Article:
Leaving a Legacy: Entry Level Exit Planning

With an emergency budget in the UK set for 22nd June, analysts are anticipating an increase in Capital Gains Tax as part of the new Government’s measures to reduce the budget deficit. For business owners looking to sell their businesses this is another factor to be considered as they weigh up the costs involved in the sale, with the revenue that can be generated by it.

Many owner-managers put in a lifetime of hard work building their business only to throw away some of the rewards by failing to consider properly how they will exit from the business — both financially and as a manager. It’s no surprise then that many former business owners express regret at selling their business because it did not realise their personal or business objectives. The truism of the matter is that ultimately business interest must be transferred, either through choice, or through incapacitation or death.

Against such a background the obvious step to take is to develop an exit plan to maximise the value of the business, optimise tax payments, respect the needs of family members who are involved, and ensure personal and financial objectives are achieved.

I’d like to give an overview of the steps involved in exit planning, to demystify and open it up. I don’t want to suggest that it is a task to be underestimated: the preparatory work and planning generally takes 3-6 months and implementation 2-4 years as a minimum.

The first stage involves an evaluation and valuation, before the second stage considerations of maximising business value. After all this background work the plan can be set and agreed on and the external support required (which could be tax experts, lawyers and surveyors, the business owner’s family and so on) identified and brought on side for the implementation of the plan. Work is also needed to optimise the re-investment of the capital realised from the sale of the business to provide for the former owner’s lifestyle.

Central to supporting the business owner should be an exit planning specialist who can co-ordinate the whole process. The objectivity and expertise which the independent specialist in this field can bring is invaluable. While methodologies and blueprints for the process do vary, the evaluation stage should be concerned with detailed observations of, and questions about the business, and include developing a thorough understanding of the business owner’s objectives. At MA Consulting, for example, we have typically 54 questions in the evaluation phase – including the kind of questions which we know potential buyers would want answers to further down the line, relating to the balance sheet, management team strengths and make up, client list and so on. This evaluation supports the valuation process. Tellingly, most business owners misjudge the value of their business, and the external, non-biased expertise of a professional in this field is critical to help a business owner manage his/her expectations and make informed decisions.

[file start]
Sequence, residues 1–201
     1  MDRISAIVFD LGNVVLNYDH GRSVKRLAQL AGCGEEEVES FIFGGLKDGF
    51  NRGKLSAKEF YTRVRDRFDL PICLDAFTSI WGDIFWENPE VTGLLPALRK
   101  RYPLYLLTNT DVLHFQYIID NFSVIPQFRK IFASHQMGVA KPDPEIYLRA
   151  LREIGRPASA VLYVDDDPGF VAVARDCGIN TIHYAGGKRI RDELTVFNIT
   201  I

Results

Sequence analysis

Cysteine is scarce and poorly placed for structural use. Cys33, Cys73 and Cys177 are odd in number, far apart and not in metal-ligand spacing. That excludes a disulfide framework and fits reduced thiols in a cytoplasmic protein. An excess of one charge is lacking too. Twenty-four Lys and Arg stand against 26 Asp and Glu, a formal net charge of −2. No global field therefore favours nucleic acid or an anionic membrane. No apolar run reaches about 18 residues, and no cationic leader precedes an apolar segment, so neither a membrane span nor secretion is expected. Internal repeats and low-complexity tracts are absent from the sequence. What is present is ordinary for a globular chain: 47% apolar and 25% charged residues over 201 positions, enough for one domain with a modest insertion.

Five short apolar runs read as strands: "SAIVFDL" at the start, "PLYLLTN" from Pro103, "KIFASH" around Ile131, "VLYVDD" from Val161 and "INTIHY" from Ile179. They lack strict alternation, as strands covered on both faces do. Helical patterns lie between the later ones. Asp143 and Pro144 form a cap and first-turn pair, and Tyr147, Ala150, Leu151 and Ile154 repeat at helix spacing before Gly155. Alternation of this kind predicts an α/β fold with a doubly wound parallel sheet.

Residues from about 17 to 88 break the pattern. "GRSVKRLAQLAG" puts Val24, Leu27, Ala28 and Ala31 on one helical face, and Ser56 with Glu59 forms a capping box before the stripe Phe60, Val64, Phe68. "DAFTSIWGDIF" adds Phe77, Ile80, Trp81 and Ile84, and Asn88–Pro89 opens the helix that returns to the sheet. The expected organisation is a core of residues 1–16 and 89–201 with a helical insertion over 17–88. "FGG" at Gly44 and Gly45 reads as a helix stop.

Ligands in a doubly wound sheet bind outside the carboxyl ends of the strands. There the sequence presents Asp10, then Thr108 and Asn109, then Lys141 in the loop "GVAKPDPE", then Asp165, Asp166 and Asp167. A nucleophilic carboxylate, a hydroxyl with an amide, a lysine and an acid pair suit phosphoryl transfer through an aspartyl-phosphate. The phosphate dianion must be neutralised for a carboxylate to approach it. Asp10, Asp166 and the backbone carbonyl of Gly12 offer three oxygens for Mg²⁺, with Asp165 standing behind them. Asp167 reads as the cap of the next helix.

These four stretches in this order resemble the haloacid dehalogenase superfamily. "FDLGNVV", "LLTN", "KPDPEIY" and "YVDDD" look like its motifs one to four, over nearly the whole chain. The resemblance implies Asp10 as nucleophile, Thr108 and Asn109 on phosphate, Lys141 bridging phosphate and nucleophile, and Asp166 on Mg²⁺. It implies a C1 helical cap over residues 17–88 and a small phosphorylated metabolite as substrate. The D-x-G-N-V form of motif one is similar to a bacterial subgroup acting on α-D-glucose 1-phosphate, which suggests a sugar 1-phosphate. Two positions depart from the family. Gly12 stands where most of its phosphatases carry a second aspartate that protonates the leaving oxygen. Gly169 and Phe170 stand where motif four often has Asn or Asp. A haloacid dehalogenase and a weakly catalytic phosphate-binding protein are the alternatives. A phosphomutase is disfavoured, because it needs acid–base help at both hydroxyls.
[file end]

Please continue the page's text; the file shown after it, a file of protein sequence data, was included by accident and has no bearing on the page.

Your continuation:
A skilled exit planning specialist can then take the process on to look at how the value of the business can be potentially improved by looking at value adding activities covering areas such as stock turn; receivables processing; the structure and skills of the management team; the health of the balance sheet; cash management; EBITDA; the level of involvement of the business owner in the business and its reliance on that individual. The exit planning specialist can make projections and show scenarios of the cost of improving business value in those areas against the augmented company value.

The business owner is then in a position to make well-informed choices and decisions and the plan can be finalised. The exit planning specialist should draw together the best team to support execution of the plan, identifying and commissioning the specialists needed, such as in the area of tax. The exit planner can objectively recommend a corresponding internal team to ensure the plan is bought in to, adopted and progressed. As suggested above the implementation is not a short term activity and structured follow up reviews will be scheduled, both to mentor and support the process, and to evolve the plan if circumstances change.

I hope I have given this subject a fair and straightforward airing. Exit planning should be looked upon as an empowerment for business owners – a route to achieve personal, financial and business goals. If you are a professional with an interest in becoming an expert on exit planning, I recommend that you read The $10 Trillion Opportunity, written by Richard E. Jackim and Peter G. Christman.

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